It is a brutal concept, reflected in the music and the language. Seeing this song played live at the end of 2020 was remarkable as I had had the story drafted, and the intensity of the track was palapble to me.

Thank you for reading, and thank you for listening.

Mount Pleasant Cover Reveal

I know I have been banging on about working towards a new project so I am very thankful that today I can reveal the cover for my forthcoming release, Mount Pleasant.

Mount Pleasant is a concept chapbook of 10 short stories based on the music of Solkyri, from Sydney, Australia. Solkyri are a post-rock band, and this is their fourth album, released in February 2020.

Mount Pleasant is inhabited by individuals who experience joy and laughter, doubt and confusion, fear and uncertainty, revelation and resurrection. These stories invite us to reflect on who we are now and ask us to investigate ourselves in relation to the pasts that may or may not have shaped us and the futures we wish to shape for ourselves.

“I am conscious of where I come from and the sadness that grows inside of me. I am curious to know what it means and what it makes me.”

In a Western Sydney suburb that no longer exists, its name erased and replaced with another, a façade is created to mask the truth of its existence.

Behind it is…
a girl who runs
a young woman dreaming beyond her uniform
a boy cycling through his family line
a girl who yearns for metamorphosis
a young man playing with polarities
a father who has lost himself
a young man decaying under the summer sun a man’s apology
a woman who longs to be seen

When the viciousness of hope is a powerful drug,
the inescapability of hopelessness is even more devasting.

What is Post-rock?

Post-rock is a form of experimental rock music characterised by an exploration of textures and timbres, structures and forms, soundscapes and riffs, rather than a verse/chorus, verse/chorus structure typically found in rock music. The music has its own narrative through the rise and fall of sounds, textures, tempos, crescendos and decrescendos, aural assaults and minimalist orchestration.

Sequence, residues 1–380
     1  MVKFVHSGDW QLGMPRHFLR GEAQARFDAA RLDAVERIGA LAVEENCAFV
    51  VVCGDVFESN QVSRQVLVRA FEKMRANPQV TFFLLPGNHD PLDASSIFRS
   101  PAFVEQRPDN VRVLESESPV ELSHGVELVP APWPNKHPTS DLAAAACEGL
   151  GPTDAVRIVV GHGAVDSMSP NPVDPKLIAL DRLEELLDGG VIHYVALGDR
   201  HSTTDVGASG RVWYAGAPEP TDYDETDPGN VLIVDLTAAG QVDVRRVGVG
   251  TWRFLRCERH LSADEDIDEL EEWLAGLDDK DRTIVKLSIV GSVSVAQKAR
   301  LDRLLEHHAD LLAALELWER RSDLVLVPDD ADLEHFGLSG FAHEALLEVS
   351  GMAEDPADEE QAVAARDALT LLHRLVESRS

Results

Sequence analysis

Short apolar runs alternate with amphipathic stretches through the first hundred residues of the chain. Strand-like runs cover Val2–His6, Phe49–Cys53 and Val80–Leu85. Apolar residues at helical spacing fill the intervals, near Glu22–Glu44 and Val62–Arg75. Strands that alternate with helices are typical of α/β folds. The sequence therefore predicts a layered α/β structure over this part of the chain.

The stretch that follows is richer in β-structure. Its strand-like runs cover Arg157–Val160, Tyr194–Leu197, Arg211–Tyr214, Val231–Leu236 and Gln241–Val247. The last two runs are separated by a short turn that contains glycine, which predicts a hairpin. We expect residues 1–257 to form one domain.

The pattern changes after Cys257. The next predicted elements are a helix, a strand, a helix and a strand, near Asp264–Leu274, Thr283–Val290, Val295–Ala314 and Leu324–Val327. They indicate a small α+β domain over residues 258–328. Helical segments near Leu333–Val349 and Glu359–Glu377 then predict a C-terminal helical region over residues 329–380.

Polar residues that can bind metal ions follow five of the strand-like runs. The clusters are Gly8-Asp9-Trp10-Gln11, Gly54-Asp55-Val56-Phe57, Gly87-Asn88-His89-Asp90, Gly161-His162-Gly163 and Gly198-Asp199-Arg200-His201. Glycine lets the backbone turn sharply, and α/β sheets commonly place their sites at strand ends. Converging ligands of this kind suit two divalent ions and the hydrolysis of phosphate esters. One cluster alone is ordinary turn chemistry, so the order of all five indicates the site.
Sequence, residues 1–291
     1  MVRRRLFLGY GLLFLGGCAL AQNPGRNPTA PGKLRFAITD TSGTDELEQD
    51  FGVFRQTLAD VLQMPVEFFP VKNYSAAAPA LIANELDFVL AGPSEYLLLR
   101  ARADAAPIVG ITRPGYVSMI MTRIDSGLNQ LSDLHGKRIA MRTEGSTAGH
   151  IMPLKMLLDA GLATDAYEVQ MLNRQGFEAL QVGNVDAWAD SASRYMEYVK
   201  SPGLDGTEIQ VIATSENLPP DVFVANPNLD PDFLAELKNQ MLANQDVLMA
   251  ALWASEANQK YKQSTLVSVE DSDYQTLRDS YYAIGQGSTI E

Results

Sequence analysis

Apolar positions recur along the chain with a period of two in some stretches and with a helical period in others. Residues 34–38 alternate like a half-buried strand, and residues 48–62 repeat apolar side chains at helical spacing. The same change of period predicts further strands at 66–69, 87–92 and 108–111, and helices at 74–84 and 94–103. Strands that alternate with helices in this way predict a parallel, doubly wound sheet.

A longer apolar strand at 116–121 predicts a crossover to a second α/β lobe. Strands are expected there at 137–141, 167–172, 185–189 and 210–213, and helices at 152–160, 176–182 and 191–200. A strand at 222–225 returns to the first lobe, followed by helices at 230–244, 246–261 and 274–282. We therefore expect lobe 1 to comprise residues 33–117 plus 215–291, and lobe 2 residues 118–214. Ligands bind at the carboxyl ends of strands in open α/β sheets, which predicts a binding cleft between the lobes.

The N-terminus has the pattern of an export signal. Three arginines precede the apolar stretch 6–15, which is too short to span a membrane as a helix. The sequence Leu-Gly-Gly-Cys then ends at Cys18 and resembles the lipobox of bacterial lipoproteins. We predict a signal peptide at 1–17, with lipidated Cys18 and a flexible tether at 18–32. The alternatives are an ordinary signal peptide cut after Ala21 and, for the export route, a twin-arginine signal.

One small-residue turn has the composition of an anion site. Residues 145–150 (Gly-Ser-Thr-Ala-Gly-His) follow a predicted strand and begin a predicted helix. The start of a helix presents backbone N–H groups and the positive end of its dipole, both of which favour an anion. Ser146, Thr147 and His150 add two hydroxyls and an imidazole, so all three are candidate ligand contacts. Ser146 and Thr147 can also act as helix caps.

Who Are Solkyri?

Formed in 2006, Solkyri deliver moments that blend intense vulnerability with pure power built around the interplay of guitars and driving rhythms, with nods to math-rock, shoegaze and ambient music.

‘Mount Pleasant’ strives to push the boundaries of both sides of its personality, its unyielding energy and its tender moments of intimacy. It is the culmination of years of personal reflection and the rediscovery of passion. Prominent radio station Triple J described it as “Beautiful yet precisely chaotic post-rock.”

I encourage you to have a listen to the record (link below) via Bandcamp: Mount Pleasant. I have been to many of their gigs in the past and they are always a great live band.

And check out other great bands on Birds Robe Records.

A huge thanks to Jodi Cleghorn for the design work and layout.

Another thank you goes to Ben Hobson, author of To Become A Whale and Snake Island, who said, “Profound slices of human truth. There is such a clarity in character, and a precision in a lived experience of Australia within these stories. Adam’s skill is in making us remember those small moments in our lives that mean so much to us. Read this to engage your heart.”

In my next post I will explain the inspiration behind each track from the band’s perspective and how it inspired my take on each track.

Links for preorder will be available very soon via The Jar Writers Collective.

Dear 2021: The Start of It

Late last year I contributed to a project run by Nik Perring, Writer-In-Residence at Sheffield Library in the UK, titled Dear 2021: The Start of It.

The project was an initiative of Sheffield Library and their new digital channel. And it is now live. You can watch and listen to a range of poems.